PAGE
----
We’ve all had those mornings; desperately calling IT while beating ourselves with a stack of post-its in the hope of dislodging an elusive login. Trying to remember passwords is a job in itself, and everything from your Facebook to your fridge seems to need one nowadays. But we’re not sure that excuses the list that’s just been released naming and shaming the worst passwords of 2013. Hint: it includes 123456. We can definitely do better than that, World.
The list was released by SplashData, an internet security company, and according to them “123456” was hacked more times than any other in 2013, alongside “abc123”, “admin”, “iloveyou”, “1111111” and “photoshop”. So, because some of us (me) are a little guilty of being security slobs, we’ve got some tips to help you make your passwords sound as a pound, and even remember them too:
1.Start with a sentence, or even better, more than one
I love freddos/I love freddos and want to eat them all
2.Remove the spaces
3.Intentionally misspell a word or turn them into shorthand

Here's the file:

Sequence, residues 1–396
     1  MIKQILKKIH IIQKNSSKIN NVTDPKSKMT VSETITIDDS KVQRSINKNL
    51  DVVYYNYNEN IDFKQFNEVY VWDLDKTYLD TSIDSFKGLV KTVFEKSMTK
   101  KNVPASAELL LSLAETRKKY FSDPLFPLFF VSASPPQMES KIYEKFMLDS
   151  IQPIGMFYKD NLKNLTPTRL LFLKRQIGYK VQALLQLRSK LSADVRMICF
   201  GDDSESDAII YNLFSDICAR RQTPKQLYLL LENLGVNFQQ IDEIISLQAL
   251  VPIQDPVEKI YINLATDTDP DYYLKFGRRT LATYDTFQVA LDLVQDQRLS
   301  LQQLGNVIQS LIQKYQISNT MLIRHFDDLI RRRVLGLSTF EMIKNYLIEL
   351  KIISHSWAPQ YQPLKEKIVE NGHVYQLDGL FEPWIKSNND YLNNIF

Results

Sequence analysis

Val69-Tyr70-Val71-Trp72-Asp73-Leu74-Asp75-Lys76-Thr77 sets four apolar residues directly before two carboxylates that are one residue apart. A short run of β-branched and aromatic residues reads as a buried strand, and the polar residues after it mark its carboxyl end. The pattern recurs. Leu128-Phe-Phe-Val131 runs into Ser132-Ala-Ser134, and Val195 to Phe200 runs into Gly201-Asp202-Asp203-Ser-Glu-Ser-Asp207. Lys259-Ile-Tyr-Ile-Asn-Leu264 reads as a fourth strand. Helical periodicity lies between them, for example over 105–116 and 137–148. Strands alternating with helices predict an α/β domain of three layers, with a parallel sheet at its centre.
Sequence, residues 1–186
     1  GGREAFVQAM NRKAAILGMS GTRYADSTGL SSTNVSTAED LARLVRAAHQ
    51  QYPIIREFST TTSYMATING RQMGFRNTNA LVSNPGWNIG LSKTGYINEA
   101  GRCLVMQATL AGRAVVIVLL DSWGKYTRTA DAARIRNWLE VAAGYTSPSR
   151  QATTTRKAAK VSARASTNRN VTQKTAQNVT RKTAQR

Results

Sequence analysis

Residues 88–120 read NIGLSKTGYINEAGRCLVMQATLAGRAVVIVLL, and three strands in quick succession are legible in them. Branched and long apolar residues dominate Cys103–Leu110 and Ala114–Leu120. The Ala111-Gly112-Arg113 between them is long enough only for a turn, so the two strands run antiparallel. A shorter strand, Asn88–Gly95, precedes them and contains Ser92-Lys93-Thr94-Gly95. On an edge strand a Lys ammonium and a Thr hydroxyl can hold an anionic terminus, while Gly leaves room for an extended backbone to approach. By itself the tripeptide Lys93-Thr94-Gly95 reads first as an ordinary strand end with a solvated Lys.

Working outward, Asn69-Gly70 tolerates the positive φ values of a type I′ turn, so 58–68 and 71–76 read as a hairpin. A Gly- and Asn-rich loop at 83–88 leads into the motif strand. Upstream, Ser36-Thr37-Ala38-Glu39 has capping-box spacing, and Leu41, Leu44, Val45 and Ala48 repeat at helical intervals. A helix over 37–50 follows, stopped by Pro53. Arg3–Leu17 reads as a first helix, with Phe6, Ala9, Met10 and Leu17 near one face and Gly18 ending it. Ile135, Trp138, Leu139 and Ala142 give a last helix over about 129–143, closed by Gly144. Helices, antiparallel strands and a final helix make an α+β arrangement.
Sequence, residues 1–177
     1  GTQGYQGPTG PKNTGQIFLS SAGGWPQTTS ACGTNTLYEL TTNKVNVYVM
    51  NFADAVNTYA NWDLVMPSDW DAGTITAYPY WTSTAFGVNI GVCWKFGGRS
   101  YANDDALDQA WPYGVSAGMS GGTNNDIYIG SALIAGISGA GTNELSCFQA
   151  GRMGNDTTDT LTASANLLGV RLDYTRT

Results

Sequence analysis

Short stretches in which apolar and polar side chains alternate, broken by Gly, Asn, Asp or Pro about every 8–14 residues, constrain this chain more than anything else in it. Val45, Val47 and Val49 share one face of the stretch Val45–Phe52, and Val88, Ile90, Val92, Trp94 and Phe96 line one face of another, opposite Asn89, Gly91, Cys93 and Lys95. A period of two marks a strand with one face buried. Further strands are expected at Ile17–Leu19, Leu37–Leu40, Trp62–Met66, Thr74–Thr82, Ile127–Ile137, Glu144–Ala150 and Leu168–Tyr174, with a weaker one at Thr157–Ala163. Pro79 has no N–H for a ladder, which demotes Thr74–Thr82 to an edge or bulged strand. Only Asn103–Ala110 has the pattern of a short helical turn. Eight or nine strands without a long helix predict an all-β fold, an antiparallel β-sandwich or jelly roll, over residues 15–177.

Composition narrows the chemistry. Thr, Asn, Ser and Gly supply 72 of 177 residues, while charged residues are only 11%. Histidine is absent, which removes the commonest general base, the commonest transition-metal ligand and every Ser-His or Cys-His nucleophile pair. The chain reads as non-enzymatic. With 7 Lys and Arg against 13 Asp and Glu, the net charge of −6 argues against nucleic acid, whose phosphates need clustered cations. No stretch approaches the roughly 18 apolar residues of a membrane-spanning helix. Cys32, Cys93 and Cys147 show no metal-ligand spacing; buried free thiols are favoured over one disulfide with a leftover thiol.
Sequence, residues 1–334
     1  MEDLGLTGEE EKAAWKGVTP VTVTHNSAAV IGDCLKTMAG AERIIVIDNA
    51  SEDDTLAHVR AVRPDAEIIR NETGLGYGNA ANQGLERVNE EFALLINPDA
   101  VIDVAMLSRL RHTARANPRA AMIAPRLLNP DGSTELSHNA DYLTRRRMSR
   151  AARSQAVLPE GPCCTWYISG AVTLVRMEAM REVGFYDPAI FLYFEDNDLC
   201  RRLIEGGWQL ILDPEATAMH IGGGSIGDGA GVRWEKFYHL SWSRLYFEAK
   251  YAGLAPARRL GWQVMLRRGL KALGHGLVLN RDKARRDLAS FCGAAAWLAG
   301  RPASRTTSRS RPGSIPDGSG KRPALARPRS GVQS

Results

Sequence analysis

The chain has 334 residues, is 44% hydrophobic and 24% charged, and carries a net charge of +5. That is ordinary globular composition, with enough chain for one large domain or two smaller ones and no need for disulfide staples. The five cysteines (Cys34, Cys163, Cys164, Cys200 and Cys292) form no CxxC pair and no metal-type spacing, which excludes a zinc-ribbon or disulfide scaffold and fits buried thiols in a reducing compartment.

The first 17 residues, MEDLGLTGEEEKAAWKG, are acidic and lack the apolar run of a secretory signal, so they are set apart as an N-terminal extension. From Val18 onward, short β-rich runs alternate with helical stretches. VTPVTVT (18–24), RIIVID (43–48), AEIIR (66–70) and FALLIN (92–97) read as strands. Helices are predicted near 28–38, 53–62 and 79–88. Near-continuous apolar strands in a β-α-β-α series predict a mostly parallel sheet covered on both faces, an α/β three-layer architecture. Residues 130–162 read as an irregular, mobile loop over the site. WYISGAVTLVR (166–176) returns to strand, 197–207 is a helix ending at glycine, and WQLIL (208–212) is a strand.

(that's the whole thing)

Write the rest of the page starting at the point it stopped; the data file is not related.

4.Add numbers afterwards (and punctuation is good too!)
5.We automatically remember things more if they’re funny, so try and make the sentence humorous
6.Shift your fingers one key to the left or right, so hello would become gwkki
Freddo would become dewssi
7.Careful with code
If you want to get codey and swap letters for numbers this is called Leetspeak, and can be run into a machine to crack, so if you use this make sure it’s part of a longer password!
8.Use longer phrases that are meaningful to you, like a line from your favourite book, film or speech
And then Ana Steele said ‘Oh My’ to Christian Grey. Again. (NB: A brief summary of 50 Shades of Grey.)
9.Use the Microsoft password strength checker
The force should be strong in this one
10.Date only passwords are easier to crack.
Especially if it’s something like your DOB, DUH.
Don’t use the same password for several logins. Also, best not to use numbers that are public record like phone numbers or addresses; and when filling in security questions think about using a false answer (one that you can remember!) as Google can be used for evil too.
We hope this helps; what are your top password pointers?